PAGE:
An American has vanished in Spain, and it’s his father, not his wife, who wants him found. When Chester Drum arrives in Iberia, legs aching from the three-thousand-mile flight, he finds Andrea Hartshorn not panicked, not mourning, but hosting the party of the year. World-weary expatriates mill about the villa, guzzling her liquor and dancing, without a thought for their missing countryman. Andrea is far from sober, but finally Drum gets her to open up. Of course she wants her husband back. But more than that, she wants her daughter.

Robbie was last seen going south to Fuengirola, to confront a crippled bullfighter named Ruy Fuentes, who had been courting the Hartshorns’ toreador-mad daughter. Drum sets out to find the missing Hartshorns, and learns that in Spain, a bull’s horn is not the only romantic way to die.

Review Quote:

“Very few writers of the tough private-eye story can tell it more accurately than Mr. Marlowe, or with such taut understatement of violence and sex.” - The New York Times Book Review

“Often brash and violent ... with an impish sense of humor.” - The Independent

“Drum sleuths to his own beat; he is a strong private investigator, who hooks the audience in each tale, short or long.” - Harriet Klausner Book Reviews

Langton’s sparkling prose and inimitable wit offer a delectable feast for the discriminating reader.” - Publishers Weekly

“Like Jane Austen and Barbara Pym, Langton is blessed with the comic Spirit - a rare gift of genius to be cherished.” - St. Louis Post-Dispatch

About the Author

Stephen Marlowe (1928–2008) was the author of more than fifty novels, including nearly two dozen featuring globe-trotting private eye Chester Drum. Born Milton Lesser, Marlowe was raised in Brooklyn and attended the College of William and Mary. After several years writing science fiction under his given name, he legally adopted his pen name, and began focusing on Chester Drum, the Washington-based detective who first appeared in The Second Longest Night (1955).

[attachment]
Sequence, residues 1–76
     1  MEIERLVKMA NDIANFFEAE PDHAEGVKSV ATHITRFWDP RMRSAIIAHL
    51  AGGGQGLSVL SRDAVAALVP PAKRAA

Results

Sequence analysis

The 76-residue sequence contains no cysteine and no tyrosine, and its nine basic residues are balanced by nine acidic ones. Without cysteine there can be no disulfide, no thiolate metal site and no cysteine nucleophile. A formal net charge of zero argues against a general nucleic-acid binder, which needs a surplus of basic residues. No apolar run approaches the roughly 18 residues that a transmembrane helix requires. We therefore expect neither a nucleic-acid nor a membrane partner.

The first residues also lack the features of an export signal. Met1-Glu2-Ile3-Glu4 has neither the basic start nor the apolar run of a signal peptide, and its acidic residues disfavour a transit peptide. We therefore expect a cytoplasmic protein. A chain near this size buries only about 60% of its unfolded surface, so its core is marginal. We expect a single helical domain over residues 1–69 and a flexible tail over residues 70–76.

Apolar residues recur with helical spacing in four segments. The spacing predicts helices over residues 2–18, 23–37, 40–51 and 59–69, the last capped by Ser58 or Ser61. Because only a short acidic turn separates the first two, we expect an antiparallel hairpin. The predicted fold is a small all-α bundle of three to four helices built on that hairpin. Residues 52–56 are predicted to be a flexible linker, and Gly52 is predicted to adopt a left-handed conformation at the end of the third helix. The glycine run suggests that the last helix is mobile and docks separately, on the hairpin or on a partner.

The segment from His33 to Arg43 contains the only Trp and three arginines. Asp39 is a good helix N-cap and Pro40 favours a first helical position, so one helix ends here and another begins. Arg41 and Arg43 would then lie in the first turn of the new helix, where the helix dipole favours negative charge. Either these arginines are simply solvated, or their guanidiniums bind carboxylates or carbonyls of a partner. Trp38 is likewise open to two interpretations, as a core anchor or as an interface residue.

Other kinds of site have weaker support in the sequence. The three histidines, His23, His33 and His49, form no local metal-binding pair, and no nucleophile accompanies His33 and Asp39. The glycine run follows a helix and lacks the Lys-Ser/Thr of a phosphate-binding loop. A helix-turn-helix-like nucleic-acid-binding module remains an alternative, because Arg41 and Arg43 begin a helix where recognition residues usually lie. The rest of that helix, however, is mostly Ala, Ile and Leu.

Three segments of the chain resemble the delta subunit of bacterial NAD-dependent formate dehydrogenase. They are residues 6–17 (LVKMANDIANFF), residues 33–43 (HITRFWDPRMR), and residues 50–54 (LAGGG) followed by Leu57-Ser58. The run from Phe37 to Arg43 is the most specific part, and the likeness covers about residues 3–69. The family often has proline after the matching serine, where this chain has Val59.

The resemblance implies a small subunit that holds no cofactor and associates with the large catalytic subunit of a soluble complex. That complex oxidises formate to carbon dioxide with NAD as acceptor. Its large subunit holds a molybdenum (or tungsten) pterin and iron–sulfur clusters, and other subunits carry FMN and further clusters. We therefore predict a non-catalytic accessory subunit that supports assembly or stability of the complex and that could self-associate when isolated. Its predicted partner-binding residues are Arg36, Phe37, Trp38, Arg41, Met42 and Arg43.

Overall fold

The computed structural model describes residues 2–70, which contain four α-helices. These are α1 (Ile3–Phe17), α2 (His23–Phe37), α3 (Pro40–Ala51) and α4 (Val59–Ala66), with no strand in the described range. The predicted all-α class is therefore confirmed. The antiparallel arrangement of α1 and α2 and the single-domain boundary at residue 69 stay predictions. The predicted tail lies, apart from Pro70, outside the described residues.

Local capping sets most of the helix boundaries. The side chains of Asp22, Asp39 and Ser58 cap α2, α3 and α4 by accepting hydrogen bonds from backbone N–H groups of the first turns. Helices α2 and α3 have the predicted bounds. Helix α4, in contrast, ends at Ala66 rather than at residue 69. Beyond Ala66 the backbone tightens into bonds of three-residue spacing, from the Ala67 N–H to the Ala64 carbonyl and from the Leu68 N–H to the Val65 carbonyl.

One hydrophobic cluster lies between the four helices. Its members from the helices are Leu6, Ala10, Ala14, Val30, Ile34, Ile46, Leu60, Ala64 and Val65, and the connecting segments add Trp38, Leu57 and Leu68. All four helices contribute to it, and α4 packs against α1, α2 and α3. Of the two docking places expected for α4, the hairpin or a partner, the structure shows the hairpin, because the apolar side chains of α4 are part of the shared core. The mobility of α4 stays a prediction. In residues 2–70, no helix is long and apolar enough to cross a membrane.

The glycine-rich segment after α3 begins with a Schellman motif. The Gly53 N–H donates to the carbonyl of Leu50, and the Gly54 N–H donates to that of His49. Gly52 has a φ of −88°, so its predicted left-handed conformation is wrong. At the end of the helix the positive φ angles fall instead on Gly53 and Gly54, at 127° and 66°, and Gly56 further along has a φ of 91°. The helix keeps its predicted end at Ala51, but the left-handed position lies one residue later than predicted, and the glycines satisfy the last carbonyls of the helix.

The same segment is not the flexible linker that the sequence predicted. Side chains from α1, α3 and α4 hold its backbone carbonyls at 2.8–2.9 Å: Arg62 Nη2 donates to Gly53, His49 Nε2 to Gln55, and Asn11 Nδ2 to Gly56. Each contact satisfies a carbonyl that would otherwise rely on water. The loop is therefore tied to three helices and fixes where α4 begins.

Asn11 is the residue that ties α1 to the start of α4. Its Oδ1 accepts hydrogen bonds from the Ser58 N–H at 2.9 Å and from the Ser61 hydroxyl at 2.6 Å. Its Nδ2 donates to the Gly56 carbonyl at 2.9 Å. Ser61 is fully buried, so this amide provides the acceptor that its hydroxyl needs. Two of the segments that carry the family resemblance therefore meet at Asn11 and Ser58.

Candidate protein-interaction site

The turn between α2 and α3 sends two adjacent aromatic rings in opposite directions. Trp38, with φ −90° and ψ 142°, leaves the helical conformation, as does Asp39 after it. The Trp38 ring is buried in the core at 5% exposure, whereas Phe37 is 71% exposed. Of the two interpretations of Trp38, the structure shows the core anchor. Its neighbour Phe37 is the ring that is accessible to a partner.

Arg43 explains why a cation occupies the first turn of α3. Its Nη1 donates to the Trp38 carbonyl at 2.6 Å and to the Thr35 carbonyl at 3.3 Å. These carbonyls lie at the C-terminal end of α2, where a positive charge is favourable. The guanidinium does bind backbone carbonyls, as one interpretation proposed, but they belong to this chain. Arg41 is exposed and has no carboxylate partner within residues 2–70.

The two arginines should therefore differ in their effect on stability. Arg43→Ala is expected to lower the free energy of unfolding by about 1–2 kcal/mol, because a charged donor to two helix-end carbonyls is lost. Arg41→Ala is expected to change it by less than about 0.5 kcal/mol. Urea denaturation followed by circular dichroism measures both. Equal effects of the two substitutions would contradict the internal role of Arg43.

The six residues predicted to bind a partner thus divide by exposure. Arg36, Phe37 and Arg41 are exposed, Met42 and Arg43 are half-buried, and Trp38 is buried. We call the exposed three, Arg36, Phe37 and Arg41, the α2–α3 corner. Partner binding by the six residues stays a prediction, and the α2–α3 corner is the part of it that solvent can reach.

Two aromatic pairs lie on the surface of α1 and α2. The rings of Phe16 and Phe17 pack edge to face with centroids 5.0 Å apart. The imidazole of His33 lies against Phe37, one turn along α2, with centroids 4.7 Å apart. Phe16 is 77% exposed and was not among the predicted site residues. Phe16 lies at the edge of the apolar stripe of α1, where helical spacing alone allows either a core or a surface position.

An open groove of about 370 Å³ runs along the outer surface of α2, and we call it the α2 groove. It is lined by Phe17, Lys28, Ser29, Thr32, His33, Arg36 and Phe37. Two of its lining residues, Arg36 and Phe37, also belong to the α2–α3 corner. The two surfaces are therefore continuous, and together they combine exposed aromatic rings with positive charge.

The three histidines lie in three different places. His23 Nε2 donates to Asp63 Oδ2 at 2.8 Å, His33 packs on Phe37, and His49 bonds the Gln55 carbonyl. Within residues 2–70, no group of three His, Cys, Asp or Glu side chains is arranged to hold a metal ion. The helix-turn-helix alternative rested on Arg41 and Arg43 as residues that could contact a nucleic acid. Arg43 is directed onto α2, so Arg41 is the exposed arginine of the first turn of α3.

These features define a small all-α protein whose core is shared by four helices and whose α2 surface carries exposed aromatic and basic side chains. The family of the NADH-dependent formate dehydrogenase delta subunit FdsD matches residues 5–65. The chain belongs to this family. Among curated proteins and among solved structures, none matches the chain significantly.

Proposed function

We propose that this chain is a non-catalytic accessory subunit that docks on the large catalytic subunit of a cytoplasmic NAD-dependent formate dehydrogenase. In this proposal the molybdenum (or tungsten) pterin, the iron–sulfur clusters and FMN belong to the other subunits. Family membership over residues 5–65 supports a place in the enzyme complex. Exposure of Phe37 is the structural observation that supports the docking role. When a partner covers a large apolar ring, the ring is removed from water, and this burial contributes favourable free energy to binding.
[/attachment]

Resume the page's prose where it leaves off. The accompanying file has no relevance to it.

Although a private detective akin to Raymond Chandler’s characters, Drum was distinguished by his jet-setting lifestyle, which carried him to various exotic locales from Mecca to South America. These espionage-tinged stories won Marlowe acclaim, and he produced more than one a year before ending the series in 1968. After spending the 1970s writing suspense novels like The Summit (1970) and The Cawthorn Journals (1975), Marlowe turned to scholarly historical fiction. He lived much of his life abroad, in Switzerland, Spain, and France, and died in Virginia in 2008.

Jeopardy Is My Job

A Chester Drum Mystery

Stephen Marlowe

BASTEI ENTERTAINMENT

 

Bastei Entertainment is an imprint of Bastei Lübbe AG

 

Copyright © 2014 by Bastei Lübbe AG, Schanzenstraße 6-20, 51063 Cologne, Germany

 

For the original edition:

Copyright © 2012 by The Mysterious Press, LLC, 58 Warren Street, New York, NY. U.S.A.

 

Copyright © 1962 by Fawcett Publications, Inc.

 

Project management: Lori Herber

Cover adaptation: Christin Wilhelm, www.grafic4u.de

Cover design by Kathleen Lynch

 

E-book production: Jouve Germany GmbH & Co. KG

 

ISBN 978-3-95859-191-2

 

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www.bastei-entertainment.com